Renting an office space in New York is expensive, and finding the right spot where you can set up shop is difficult. So when you are getting ready to look for office space here in New York, it’s vital that you know how to negotiate with your future landlord. Dealing with landlords can be very different from treating patients, so even though you’re a licensed medical professional, you may need a different set of skills for the former. That’s why you might find the following tips helpful when looking for an office space for your clinic or private practice.
1) Length of your lease
While your negotiations will most likely be about the cost of the rent, you shouldn’t forget to discuss the length of your lease as well. How long do you plan on operating? Five years? Ten years? You can try to ask for a lower lease if you plan on staying longer. The lease term might be too long or too short for your needs, in which case you may not benefit much from it. That’s why you should ask the landlord if he or she is willing to change the length of the lease to suit you. The length of the lease will depend on the number of people you expect to treat while you’re there, which in turn will depend on the location of the office space you’re planning to rent. You have to be conscious of the site as you might end up wasting money on a lease that’s too long or too short. You should also make sure it won’t expire too soon as negotiating renewal agreements will take time and leave you susceptible to frequent increases in rent.
2) Boost your leverage by knowing more and starting early
When you’re looking for an office space for your clinic, you have to arm yourself with facts that you can use when you’re negotiating with a prospective landlord. Do research on the average rental costs in the area where you plan to set up shop, whether it’s Queens, Manhattan, or the Bronx. You need to put together a list of prospects so you can compare and contrast them. You need to be aware that looking for an office space won’t be easy. It’s a process that can take up a lot of your time, and negotiating with a prospective landlord will only add to that length.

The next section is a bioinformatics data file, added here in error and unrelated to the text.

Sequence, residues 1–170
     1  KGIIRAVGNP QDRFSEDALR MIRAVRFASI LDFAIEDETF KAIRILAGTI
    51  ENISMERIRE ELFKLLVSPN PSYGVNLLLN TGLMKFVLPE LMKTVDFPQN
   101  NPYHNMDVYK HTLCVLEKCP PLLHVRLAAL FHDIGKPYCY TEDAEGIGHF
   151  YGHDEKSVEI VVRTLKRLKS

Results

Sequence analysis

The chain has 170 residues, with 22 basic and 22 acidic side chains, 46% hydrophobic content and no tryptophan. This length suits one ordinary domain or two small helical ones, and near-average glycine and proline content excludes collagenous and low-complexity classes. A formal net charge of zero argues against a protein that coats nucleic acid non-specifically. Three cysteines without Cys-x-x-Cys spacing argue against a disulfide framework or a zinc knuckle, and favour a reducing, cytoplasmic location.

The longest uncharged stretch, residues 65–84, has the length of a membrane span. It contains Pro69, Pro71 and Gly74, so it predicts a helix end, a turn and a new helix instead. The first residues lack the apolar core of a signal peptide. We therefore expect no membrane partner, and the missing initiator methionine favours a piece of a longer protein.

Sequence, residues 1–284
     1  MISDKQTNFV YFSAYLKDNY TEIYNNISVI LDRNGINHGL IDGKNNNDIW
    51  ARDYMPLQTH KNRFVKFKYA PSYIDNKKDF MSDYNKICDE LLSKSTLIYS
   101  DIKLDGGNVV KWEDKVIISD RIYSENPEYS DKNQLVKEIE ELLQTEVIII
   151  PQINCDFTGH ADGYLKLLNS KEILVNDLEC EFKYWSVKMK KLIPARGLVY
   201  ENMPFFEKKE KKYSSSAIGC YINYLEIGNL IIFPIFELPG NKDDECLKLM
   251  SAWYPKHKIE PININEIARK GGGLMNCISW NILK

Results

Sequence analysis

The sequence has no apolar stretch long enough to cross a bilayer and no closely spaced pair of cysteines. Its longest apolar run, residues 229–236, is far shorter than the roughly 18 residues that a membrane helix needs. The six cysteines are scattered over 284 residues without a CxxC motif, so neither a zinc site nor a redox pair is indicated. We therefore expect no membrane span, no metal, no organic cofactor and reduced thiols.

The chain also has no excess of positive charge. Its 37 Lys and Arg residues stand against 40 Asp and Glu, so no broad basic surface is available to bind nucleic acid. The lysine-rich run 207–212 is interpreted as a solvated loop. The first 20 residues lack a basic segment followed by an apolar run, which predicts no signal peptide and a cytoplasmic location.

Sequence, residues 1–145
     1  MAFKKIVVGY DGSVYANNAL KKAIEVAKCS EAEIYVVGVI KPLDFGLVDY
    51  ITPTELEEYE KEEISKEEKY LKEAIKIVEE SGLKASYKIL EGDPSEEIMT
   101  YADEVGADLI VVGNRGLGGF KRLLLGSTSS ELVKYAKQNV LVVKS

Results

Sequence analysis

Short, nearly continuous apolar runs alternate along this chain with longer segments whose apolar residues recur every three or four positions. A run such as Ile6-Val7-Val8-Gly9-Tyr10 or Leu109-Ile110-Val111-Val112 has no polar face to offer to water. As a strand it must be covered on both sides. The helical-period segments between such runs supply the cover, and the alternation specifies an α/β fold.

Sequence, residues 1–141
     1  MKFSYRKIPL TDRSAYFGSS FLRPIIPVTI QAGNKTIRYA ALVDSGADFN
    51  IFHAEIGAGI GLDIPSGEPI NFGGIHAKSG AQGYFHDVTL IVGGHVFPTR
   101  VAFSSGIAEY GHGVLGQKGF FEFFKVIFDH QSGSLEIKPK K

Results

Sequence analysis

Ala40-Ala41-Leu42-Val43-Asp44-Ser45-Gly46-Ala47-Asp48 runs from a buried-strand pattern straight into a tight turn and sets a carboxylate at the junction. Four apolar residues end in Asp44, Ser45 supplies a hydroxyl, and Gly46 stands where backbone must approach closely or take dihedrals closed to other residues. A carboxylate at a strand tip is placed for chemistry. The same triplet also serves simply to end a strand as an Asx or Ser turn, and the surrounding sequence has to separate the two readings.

That’s why you shouldn’t wait for your current lease to expire before you go looking for a new office space. Ideally, it’s best to start looking at least a year before you move out of your old place or before you plan to open. If you’re not in a rush, you can take your time when negotiating with a prospective landlord, and you won’t end up settling for unfavorable lease terms.
Starting your search process early will also ensure that you will have time to mull over your choices. With more information and time on your hands, you can negotiate a better deal for your clinic space even in a city like New York, where real estate can be quite expensive.
3) Include emergency clauses in your lease agreement
Emergency clauses are intended to protect you from should any untoward incidents occur. Such incidents are the kind that will affect your ability to use the space, which could include economic crises. For example, you might be forced to leave your lease early, but the landlord might still charge you rent for the remaining months in your lease agreement. You shouldn’t have to pay for a space that you’re no longer using. Therefore, you should see about including an emergency clause that says you won’t need to pay rent when these situations arise.
4) Seek the help of a real estate lawyer
Before you even start negotiating a lease, you need to hire a consultant who specializes in real estate law and lease contracts. This consultant will represent you in negotiations, provide you with updates, and explain the details of a draft agreement to you before you sign it. You are still practicing medicine, and you might not have the skill or time to scrutinize an agreement and understand the implications of each provision that the landlord will put in there. A real estate consultant can do these essential tasks for you and keep you informed on the progress of the negotiations.
If you’re having trouble looking for space
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